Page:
As he is preparing to star as Dorian Gray at Synetic Theater, Dallas Tolentino takes us behind the scenes of preparing for his role.
Joel: Why did you want to play the role of Dorian Gray?
Dallas: The biggest draw to Dorian Gray was that it was going to be a challenge. The play and the character are a huge undertaking. This play has the most text I’ve ever experienced Synetic tackle, and the text is very poetic and philosophical with rich images and symbols that Oscar Wilde lends us. Bringing those images to life in our style of movement and acting is what really got me excited about Dorian.
How do you relate to him?
I think Dorian and I are actually very different, but we both love life and have a passion for experiencing as much as we can. I’d say we share a deep curiosity for everything in life. What we do with that curiosity is where we differ, which is why I’m glad I have the stage and theater as an outlet to explore all those curiosities and extremes of human existence without repercussions.
How did you prepare for this very physically demanding role and what will you do during the run to keep your energy up?
I’d say this role is actually more psychologically and emotionally draining than it is physically draining. The Three Musketeers was a good warm up leading to this show to get me in shape but when it comes down to it the emotional journey in this show carries my movement and the fuel to sustain energy. It’s funny, with this show it isn’t so much a matter of keeping energy up but containing it, or rather redirecting it. When it comes to energy, Dallas, the actor is like a bumblebee, where as Dorian is more of a flower.
What have been the greatest challenges for you in rehearsals and how have you resolved them?
The greatest challenge in this show in particular is finding truth in such a surreal world. In the book, Dorian is used more as a symbol and is not the most well rounded character. To give him flesh and bones and a soul is challenging, but it also allows me a world of opportunity and liberty to create a very unique Dorian Gray. The greatest path to find the truth in all the chaos is trusting Paata and his creative eye, as well as having a great team to bounce ideas off.
What was the best advice Director Paata Tsikurishvili and Choreographer Irina Tsikurishvili have given you in preparing your role?
I can’t recall a singular piece of advice, more so in the time I’ve been working with the Tsikurishvili’s, Paata has taught me to think big and be bold, whereas Irina has taught me to free myself with regard to movement and beyond. They’ve given me much more than advice, more like life lessons.
Which scene that you are not in really moves you?
There are not many scenes that I am not in, but in the play Lord Henry brings me to watch Macbeth, which is rather haunting and the ensemble has done a great job fusing together and becoming a cohesive force in the show.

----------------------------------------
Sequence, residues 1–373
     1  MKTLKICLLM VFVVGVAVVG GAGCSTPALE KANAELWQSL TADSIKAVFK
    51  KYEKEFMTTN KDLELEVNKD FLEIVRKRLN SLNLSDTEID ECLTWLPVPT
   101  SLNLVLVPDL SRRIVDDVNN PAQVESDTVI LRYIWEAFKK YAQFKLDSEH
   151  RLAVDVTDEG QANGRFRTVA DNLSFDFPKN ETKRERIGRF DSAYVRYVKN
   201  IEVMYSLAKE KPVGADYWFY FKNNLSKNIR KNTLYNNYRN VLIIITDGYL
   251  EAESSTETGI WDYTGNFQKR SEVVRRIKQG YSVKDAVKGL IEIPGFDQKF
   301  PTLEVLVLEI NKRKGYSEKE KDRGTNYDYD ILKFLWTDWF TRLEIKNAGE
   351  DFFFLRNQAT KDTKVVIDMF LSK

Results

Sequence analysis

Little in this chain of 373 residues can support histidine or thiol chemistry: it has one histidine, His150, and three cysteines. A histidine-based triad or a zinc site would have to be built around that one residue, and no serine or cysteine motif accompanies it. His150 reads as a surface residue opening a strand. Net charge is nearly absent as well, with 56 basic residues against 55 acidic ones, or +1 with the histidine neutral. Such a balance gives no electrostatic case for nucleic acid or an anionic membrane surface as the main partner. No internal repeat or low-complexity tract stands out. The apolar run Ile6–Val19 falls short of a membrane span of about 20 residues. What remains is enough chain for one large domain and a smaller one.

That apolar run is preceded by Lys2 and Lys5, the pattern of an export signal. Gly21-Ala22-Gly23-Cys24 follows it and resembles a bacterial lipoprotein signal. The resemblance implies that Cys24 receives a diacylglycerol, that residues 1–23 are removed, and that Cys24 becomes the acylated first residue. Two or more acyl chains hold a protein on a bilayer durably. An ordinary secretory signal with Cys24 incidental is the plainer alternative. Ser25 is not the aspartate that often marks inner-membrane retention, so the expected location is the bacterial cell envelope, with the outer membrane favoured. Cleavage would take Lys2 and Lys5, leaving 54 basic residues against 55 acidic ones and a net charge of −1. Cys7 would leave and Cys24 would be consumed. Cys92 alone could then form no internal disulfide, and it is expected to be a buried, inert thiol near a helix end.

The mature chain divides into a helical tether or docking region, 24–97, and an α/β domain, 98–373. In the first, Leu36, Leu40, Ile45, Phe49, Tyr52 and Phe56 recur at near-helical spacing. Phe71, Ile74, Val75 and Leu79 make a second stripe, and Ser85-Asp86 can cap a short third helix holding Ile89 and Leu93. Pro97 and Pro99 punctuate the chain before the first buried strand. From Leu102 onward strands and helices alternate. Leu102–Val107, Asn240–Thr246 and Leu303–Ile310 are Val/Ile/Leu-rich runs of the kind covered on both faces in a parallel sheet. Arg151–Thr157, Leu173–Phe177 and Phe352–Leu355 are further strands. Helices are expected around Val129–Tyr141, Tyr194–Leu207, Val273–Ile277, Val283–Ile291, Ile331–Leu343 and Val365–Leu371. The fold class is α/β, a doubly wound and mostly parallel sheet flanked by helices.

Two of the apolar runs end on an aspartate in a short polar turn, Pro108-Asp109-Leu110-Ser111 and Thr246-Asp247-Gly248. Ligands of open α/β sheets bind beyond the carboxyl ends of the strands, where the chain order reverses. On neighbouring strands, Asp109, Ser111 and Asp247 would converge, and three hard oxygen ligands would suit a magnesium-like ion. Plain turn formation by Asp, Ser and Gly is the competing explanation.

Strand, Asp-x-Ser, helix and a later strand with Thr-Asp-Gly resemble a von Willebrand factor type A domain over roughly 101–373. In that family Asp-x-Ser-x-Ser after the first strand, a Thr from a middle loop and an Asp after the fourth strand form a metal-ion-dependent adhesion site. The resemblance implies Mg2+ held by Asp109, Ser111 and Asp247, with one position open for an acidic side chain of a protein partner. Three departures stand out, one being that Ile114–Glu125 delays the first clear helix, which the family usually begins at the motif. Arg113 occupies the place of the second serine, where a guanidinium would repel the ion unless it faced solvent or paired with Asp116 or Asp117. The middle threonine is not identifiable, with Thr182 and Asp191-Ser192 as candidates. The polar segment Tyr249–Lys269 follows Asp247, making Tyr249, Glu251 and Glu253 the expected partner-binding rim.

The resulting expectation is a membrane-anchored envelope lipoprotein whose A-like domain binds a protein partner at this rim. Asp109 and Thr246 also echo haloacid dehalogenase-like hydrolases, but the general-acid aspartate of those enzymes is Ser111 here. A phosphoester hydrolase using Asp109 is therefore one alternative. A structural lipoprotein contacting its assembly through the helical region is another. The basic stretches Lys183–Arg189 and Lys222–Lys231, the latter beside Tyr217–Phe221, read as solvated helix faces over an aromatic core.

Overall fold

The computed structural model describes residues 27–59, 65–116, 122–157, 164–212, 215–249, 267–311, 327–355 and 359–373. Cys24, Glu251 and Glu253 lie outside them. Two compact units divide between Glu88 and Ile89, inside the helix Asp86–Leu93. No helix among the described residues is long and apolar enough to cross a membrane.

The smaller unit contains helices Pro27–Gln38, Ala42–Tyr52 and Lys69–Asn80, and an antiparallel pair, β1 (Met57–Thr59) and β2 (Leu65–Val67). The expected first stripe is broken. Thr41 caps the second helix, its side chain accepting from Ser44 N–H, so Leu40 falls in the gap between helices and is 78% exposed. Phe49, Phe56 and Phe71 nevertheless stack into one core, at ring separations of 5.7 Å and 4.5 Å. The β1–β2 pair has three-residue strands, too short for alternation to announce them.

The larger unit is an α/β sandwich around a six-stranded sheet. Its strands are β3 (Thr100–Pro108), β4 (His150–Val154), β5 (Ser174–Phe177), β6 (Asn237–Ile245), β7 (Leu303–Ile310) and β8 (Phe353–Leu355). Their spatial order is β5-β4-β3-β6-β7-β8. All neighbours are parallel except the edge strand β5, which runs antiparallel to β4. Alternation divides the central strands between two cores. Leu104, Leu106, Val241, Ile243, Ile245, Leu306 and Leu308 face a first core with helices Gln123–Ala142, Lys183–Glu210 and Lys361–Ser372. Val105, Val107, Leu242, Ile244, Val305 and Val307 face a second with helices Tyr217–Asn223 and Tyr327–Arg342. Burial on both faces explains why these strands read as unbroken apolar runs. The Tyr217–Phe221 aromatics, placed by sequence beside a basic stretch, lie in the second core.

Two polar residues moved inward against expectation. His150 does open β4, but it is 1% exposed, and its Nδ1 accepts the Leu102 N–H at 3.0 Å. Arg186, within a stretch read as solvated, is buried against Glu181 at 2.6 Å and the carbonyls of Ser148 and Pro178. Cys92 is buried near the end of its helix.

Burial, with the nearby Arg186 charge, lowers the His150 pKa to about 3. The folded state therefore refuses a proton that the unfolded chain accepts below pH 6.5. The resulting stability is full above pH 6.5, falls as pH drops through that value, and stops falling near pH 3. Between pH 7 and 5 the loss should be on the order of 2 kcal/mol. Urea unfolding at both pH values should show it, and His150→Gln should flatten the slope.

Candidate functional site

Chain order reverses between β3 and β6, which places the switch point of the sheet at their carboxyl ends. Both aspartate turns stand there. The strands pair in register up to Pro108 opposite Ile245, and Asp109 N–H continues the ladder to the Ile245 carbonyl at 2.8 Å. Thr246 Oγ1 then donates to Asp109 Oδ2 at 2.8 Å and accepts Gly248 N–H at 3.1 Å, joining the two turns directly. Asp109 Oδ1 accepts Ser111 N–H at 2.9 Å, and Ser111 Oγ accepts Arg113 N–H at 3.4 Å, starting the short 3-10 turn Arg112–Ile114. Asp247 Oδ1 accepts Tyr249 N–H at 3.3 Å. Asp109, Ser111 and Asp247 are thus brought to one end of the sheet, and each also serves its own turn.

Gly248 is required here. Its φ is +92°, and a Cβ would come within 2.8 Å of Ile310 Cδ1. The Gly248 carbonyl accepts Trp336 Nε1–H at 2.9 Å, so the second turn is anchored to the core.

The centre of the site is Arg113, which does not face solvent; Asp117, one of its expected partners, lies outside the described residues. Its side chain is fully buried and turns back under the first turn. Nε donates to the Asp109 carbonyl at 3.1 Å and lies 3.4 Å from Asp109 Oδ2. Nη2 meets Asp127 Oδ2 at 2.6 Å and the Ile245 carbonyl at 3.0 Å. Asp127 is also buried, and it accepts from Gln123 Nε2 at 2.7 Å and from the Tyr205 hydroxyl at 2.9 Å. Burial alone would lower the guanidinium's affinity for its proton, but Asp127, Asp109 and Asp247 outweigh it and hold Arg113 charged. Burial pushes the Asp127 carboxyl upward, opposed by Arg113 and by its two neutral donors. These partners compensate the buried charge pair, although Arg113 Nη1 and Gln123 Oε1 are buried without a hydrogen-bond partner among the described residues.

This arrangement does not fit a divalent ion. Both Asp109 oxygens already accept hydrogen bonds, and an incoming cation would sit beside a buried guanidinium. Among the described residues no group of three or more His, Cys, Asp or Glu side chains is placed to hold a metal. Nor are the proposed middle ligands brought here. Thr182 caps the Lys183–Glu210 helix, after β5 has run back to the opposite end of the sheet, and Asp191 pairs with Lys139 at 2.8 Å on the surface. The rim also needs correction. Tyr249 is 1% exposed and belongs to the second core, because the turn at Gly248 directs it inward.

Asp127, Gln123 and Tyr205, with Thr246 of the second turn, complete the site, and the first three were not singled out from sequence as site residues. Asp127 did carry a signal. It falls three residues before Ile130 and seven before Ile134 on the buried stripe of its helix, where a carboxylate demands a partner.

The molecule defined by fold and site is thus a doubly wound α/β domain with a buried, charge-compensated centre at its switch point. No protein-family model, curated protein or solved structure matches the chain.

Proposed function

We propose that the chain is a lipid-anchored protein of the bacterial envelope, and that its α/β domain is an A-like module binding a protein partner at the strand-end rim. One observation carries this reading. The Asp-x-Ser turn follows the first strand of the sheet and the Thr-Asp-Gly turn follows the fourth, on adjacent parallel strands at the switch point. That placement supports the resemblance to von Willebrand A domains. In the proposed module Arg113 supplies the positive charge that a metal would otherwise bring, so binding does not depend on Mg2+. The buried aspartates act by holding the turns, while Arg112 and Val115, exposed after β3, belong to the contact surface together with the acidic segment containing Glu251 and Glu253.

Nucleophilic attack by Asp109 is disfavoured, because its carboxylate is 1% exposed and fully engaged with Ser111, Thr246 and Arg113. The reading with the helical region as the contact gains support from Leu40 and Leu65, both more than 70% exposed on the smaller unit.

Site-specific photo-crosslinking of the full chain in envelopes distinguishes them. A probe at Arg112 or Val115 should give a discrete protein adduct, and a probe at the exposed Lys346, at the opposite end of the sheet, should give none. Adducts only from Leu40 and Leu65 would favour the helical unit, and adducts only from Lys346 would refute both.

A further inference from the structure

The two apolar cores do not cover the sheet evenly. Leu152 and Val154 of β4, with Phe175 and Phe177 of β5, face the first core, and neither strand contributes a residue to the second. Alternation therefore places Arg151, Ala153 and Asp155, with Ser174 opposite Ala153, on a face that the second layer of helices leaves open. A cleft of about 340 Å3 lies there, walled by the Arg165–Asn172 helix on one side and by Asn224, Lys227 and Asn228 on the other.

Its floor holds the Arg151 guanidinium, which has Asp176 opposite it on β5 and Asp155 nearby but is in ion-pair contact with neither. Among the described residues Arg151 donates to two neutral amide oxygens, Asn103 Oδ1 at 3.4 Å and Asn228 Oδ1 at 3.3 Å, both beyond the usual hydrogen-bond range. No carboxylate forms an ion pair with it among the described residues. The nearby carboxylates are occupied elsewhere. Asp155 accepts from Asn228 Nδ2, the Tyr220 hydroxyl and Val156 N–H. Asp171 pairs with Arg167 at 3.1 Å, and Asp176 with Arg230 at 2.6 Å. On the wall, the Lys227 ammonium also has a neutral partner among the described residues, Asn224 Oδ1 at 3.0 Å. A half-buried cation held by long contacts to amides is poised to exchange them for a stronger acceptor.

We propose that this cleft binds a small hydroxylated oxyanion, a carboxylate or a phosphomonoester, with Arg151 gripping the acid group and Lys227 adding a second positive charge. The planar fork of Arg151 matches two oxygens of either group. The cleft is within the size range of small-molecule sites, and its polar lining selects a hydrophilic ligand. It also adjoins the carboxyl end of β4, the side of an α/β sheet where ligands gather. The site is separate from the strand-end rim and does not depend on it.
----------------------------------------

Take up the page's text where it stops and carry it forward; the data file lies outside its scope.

How does the design of the show add to the excitement of the production? Is there a moment or a scene when the design or special effects makes you say, “Wow! This is amazing!” every time you see it?
One of the most exciting design elements are the different screens we have which all react with light and projections in a different way. Going back to the scene where Lord Henry and Dorian go to see Macbeth, it is beautifully haunting. The action all happens upstage of us but I can see the reflections in the screens in front of us. I’ll just say it’s easy to reach a place of fear when I watch this scene.
How can audiences in 2013 relate to The Picture of Dorian Gray?
A major theme of Dorian Gray is the purpose of art and the philosophy that art may have no other purpose than being aesthetically pleasing. The book and the play question whether art is a reflection of the artists or the spectator, as well as questioning the true potency of art. Audiences, being patrons to the arts, should be able to address these questions and tell me whether if what we do has intellectual value or is just beautiful, or hopefully both.
What do you admire most about the performances of your cast mates and Paata’s direction and Irina’s choreography?
I have the best cast and crew anyone could ask for and they are definitely my support system. We keep each other in check and push each other to work hard. We sweat, bleed, scream, laugh, and cry together. Synetic works with a very specific vocabulary of movement and theater; when you start speaking our language you become family. Paata is awesome because he is a visionary. He thinks big and has great ideas; he gets us to jump fearlessly with him into any concept. Irina is incredible because she is a workhorse and I admire her perseverance and also her ability to improvise and create brilliant pieces in relatively short amounts of time. Our shows constantly change and evolve up until we have an audience in front of us and sometimes even after, and Irina is flexible enough to make changes on the fly.
If you could stay young forever like Dorian Gray – what age would you like to be forever?
So… forever is a really long time. I wouldn’t want to do or be anything forever, but If I could go back to any age having the experience I have now, I’d go back to 6 yrs. old because I’d be a better break dancer, lower center of gravity.
You have appeared in other Synetic productions. What new elements in this production will thrill audiences?
Synetic has been known to be a sexy company, but this one may raise the bar. I’ll just leave at that. If you want to know what I’m talking about, you gotta come see it.
What’s next for you on the stage after this production?
Hopefully Twelfth Night or Hamlet, but I will be in Chicago working on an original show, Haymaker with The Neo-Futurists in the spring.
Photos by Johnny Shyrock.